Exploring Vocabulary for Madness in English, 1400-1800 (Digicafé series) | College of Arts

Exploring Vocabulary for Madness in English, 1400-1800 (Digicafé series)

Date and Time


Dr. Froehlich will illustrate how the Historical Thesaurus of the Oxford English Dictionary can be used as a resource for harvesting literary-historical vocabulary surrounding specific semantic categories using data from the Oxford English Dictionary. She will apply this vocabulary towards a corpus of 101 plays, covering Shakespeare and a handful of his contemporaries (Dekker, Ford, Jonson, Middleton, and Webster), to observe for early 17th century dramatic writing discusses the language of madness and mental health.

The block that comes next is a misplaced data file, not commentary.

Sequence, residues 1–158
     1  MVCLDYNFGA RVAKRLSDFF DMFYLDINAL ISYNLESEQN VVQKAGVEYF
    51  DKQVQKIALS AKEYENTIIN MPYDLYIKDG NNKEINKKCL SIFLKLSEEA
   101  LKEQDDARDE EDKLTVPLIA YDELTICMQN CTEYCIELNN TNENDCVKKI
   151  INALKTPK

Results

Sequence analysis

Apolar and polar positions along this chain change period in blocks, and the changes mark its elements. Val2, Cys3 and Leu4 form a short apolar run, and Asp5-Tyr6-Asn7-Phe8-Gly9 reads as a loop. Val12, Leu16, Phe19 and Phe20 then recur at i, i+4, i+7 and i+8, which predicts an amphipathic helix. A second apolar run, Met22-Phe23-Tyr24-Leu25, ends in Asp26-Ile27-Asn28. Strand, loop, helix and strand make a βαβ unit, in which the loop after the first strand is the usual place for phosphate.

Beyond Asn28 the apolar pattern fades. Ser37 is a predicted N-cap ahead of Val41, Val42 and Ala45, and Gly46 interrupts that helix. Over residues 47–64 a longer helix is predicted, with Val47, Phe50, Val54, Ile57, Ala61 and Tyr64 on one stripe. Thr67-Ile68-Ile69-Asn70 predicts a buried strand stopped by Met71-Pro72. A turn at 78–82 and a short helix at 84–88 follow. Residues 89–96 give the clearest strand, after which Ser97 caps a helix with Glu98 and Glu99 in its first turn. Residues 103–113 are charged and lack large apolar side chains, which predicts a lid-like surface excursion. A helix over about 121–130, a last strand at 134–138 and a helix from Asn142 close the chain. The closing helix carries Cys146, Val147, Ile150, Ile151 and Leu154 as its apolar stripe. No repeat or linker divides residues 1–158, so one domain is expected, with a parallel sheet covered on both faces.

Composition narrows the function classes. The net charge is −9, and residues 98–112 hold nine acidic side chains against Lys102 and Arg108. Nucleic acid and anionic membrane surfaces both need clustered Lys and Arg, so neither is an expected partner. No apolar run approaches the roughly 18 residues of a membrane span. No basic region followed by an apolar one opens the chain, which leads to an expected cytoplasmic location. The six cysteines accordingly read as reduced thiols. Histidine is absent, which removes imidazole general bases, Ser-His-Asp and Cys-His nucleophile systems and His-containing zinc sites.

The University of Guelph resides on the land of the Between the Lakes Treaty No. 3, the territory of the Mississaugas of the Credit. This land is part of the Dish with One Spoon, a covenant between Indigenous nations to live peaceably on the territories of the Great Lakes region. We recognize that today this gathering place is home to many First Nations, Inuit and Métis peoples and acknowledging them reminds us of our collective responsibility to the land where we learn, live and work.